Wednesday 11 December 2019

Bank of Ireland experienced IT outage for second day in a row

Bank of Ireland. Stock photo: Getty Images
Bank of Ireland. Stock photo: Getty Images
Charlie Weston

Charlie Weston

BANK of Ireland has issued a statement saying its systems are working again - the lender today experienced an IT outage for the second day in a row, a development that left customers fuming.

ATMs, the mobile app, online system 365online and Business Online were all out of action.

On Wednesday the bank was unable to process payments, leaving thousands without their wages for a number of hours.

Earlier today the bank had to admit its ATMs and online systems were not operating.

The bank said its debit and credit cards would work at the ATMs of competitor banks and at shop point-of-sale machines in shops.

Bank of Ireland said that there were no problems with payments to and from accounts.

The latest bungle comes despite the bank spending up to €1.4bn on upgrading its dated IT system.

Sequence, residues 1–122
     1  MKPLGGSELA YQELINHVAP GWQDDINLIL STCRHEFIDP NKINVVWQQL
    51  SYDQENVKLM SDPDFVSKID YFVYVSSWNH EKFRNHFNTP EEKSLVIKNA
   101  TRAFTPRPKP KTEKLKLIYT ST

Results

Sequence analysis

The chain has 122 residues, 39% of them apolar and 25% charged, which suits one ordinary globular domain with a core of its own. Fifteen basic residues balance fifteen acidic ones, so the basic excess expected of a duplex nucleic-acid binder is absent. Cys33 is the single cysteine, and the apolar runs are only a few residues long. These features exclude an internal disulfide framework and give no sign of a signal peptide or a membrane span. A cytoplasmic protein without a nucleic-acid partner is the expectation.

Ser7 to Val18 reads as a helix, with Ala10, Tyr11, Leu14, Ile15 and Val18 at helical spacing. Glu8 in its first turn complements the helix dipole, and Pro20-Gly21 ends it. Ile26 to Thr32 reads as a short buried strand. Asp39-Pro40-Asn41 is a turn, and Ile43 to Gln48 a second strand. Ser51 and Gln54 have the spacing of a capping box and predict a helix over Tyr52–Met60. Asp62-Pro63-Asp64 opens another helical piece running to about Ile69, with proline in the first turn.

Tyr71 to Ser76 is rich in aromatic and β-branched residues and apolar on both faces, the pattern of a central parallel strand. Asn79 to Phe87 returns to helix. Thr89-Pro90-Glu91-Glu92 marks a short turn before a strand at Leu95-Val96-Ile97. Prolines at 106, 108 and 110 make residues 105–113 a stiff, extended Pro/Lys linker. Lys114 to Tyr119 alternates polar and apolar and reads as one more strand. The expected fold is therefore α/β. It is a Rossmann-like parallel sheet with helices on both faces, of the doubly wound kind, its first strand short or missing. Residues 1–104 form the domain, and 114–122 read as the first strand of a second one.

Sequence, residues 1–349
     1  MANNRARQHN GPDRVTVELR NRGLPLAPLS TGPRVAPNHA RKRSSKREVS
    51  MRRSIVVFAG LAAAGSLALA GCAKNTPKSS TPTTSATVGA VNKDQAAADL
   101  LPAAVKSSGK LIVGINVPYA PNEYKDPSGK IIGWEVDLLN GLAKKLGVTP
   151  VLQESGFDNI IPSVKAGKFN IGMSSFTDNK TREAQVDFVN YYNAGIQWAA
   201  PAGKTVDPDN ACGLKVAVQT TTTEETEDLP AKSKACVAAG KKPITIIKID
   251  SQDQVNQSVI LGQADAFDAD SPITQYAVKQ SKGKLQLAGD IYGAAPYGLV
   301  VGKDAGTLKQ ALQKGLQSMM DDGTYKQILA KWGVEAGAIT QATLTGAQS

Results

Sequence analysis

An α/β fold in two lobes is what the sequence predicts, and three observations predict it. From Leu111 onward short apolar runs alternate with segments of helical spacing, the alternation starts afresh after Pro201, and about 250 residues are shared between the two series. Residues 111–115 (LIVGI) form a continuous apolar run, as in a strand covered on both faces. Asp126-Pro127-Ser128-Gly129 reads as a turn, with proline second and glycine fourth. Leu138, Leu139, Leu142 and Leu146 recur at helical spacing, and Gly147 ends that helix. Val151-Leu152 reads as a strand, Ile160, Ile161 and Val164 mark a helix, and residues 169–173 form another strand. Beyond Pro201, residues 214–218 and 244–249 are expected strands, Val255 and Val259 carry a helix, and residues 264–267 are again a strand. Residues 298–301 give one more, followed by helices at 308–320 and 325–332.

The IT crash coming ahead of Black Friday was a major embarrassment for the bank.

In June 2018 Bank of Ireland said it was investing €1.4bn in what it calls a transformation programme, aimed at improving its business systems and overhauling its software platform as the lender attempts to reduce costs and drive efficiencies over the next three years. It includes a massive €900m reform plan to the IT platform.

Earlier today the regulator of the bank, the Central Bank, said it was monitoring the situation and was in contact with the bank.

"The Central Bank expects all firms to have adequate systems and controls in place and where issues that impact customers arise they should be addressed and rectified urgently, particularly as customers are increasingly using and becoming dependent on online and mobile banking services," it said.

Deputy Central Bank Governor Ed Sibley said in a recent speech that there was a need for what he called substantial investment in Irish banks’ technology and data capabilities.

"Many banks still use outdated and fragmented IT systems. The foundations are not yet sufficiently strong to effectively manage the technology risks," he told a room full of bankers.

Fianna Fáil finance spokesman Michael McGrath said IT outages were happening far too often in our main banks.

"It is well past time the Central Bank carried out a thorough and independent assessment of the adequacy of the IT systems of the retail banks," he said.

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